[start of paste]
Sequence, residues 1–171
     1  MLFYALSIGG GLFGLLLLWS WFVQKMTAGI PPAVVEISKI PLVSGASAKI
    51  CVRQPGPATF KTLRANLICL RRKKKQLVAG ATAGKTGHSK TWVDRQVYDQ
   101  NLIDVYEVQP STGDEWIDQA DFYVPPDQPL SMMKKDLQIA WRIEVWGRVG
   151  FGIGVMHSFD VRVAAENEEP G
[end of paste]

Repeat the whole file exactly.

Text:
Sequence, residues 1–171
     1  MLFYALSIGG GLFGLLLLWS WFVQKMTAGI PPAVVEISKI PLVSGASAKI
    51  CVRQPGPATF KTLRANLICL RRKKKQLVAG ATAGKTGHSK TWVDRQVYDQ
   101  NLIDVYEVQP STGDEWIDQA DFYVPPDQPL SMMKKDLQIA WRIEVWGRVG
   151  FGIGVMHSFD VRVAAENEEP G